In the personal injury world, a parent is generally not liable for the actions of their child just by way of being the child’s parent.
However, there are four main ways where a parent could be held legally responsible for the tortious acts of their child:
- The parent entrusts the child with some object, which because of the child’s lack of age, judgment, or experience, may become a source of danger to others. Some examples include a parent giving the child, or providing the child with access to, a knife, gun, fireworks, or a vehicle.
- The child is acting as the parent’s agent or servant. This covers situations where the parent has asked the child to do something on their behalf, and the child ends up causing damage or injury while performing the act.
- The parent instructs the child to commit a wrongful act. For example, the parent tells the child to go harm someone or damage something.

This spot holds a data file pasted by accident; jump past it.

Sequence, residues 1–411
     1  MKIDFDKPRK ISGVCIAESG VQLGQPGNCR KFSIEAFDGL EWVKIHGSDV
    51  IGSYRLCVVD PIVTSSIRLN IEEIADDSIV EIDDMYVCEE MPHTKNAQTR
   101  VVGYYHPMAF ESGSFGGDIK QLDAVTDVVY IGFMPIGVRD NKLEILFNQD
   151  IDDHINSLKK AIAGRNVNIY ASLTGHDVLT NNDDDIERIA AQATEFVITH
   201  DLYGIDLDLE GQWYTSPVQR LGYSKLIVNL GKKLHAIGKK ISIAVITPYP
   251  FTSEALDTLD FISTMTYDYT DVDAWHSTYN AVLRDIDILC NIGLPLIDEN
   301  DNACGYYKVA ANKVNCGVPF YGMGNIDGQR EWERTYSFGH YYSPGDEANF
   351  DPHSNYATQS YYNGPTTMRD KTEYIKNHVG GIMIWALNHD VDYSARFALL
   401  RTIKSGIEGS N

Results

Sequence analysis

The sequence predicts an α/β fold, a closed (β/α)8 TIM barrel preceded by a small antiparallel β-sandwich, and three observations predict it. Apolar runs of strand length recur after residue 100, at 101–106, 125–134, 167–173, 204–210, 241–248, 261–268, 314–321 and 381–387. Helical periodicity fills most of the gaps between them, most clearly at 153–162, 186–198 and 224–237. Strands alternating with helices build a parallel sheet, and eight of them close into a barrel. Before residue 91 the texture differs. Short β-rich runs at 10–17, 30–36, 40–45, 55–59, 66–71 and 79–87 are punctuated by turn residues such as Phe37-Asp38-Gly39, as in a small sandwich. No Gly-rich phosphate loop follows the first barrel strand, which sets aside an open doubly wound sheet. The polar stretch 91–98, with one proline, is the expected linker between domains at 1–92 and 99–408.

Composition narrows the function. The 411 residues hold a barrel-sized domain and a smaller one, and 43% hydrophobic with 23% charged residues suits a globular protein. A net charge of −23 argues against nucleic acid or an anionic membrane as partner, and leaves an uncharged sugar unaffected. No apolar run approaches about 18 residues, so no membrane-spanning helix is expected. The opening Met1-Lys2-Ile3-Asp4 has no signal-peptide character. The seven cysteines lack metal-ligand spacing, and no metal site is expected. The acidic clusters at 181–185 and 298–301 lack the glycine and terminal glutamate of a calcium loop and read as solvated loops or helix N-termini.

- The parent fails to exercise control over the child, when the parent knows, or should know, that injury to another is possible. This usually applies when the child commits an act of violence and injures someone. In the case of Pardo v. Carhart, the defendant parents were sued by the plaintiff because their child injured the plaintiff in a fist fight. The evidence showed that offending child had not been involved in any prior fist fights, and there was nothing in the child’s history that would have put the parents on notice that their child had a propensity for violence. In that case, the Judge decided that the parents could not be liable for the child’s acts, because they were unaware that their child would engage in that kind of behavior.
In personal injury cases, there are many instances when one person can be held liable for the actions of another person, if certain criteria are met. It is critical to conceive of all the possible defendants when analyzing a personal injury case so damages can be recovered from everyone who played a role in causing the injury, and this includes the parent-child relationship.
If you have questions about a potential injury case, who can be held liable for your damages, and how our Tampa lawyers at Robert Sparks Attorneys can help, contact us for a FREE consultation.